As you can imagine, the computation of the various combinations for many features can be very expensive and so the authors provide a fast C++ implementation for tree models as explained here.

The GitHub page contains nice examples and tutorial notebooks, so it should be quite easy to start with it!

2. Lime

The library Lime, short for Local interpretable model-agnostic explanations, follows second on our list with an impressive number of 8.3k stars, last activity 21 days ago, and some nice tutorials and API definition.

Lime is able to explain tabular data classifiers and text classifiers independent of the actual model. As the authors of SHAP, the authors of Lime came from the University of Washington — well done Washington to have 2 libraries in the top 5 👏 — and you can find their original paper from 2016 also on arxiv.

Lime is a concrete implementation of so-called local surrogate models, which focus on explaining individual predictions of black box models. To do so, Lime generates new data around the data point you want to have an explanation for and trains a linear, interpretable classifier.

Local, linear model trained to explain the data point with the big red cross — source

You can then see what features were responsible for the local model’s classification (in this example, it shows which words in the text contributed to the text belonging to the class atheism).

Visualization of which words contributed to the classification for one of the two classes ‘atheism’ or ‘christian’ — source

In contrast to SHAP, it does not look like Lime offers an API to conveniently generate a global explanation or at least we missed this. However, by generating multiple explanations for different examples, you could gain an understanding of the original model’s behavior.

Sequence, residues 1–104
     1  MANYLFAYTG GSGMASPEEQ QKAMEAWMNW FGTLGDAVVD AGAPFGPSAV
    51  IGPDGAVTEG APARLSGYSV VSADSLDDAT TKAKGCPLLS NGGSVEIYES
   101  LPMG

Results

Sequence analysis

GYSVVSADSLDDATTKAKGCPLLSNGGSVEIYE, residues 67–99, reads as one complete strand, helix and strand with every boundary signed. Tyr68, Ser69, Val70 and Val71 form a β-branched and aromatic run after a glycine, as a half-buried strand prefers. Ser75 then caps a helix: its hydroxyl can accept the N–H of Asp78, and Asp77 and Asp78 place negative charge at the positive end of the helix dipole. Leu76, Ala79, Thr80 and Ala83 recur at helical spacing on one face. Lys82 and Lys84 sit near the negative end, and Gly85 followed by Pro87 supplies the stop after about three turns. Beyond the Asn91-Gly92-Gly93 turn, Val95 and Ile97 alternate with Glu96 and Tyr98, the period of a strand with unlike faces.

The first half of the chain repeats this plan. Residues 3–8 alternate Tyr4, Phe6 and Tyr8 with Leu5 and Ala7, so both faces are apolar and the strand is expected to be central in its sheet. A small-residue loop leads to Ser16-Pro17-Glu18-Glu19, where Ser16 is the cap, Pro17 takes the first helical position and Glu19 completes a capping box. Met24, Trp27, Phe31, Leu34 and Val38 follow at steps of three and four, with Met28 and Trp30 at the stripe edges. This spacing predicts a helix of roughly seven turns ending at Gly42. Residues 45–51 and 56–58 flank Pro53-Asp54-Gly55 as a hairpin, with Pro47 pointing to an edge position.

3. ELI5

The Python library ELI5 provides a unified API for debugging and explaining machine learning classifiers. The term ELI5 can be found in the urban dictionary and is slang for Explain Like I am 5. For black-box models it offers an implementation of the Lime algorithm for texts. Besides that, it offers support for scikit-learn, XGBoost, LightGBM, CatBoost, lightning, sklearn-crfsuite, and Keras. Check out their documentation for examples and an API reference.

The following image shows how an explanation by ELI5 looks like for a text classification, where it shows which words contribute how much to a specific class.

Table showing 4 classes and which words are typical to appear in texts belonging to this class— source

It is generated by this code

import eli5eli5.show_weights(clf, vec=vec, top=10, target_names=target_names)

where clf is, for example, an sklearn LogisticRegressionCV, vec is a vectorizer, for example an sklearn CountVectorizerthat transform texts into a token count matrix, top is the number of features to show per class in the image, and target_names tells eli5 the actual labels of the classification based on the input data.

4. pyLDAvis

As the name already suggests, pyLDAvis focuses on LDA topic models. It can be used to interactively visualize them within Jupyter Notebooks. The documentation contains example videos and also an overview notebook, though compared with the other libraries the API could have been documented a little bit better. The original paper from 2014 explains the methodology and can be found here.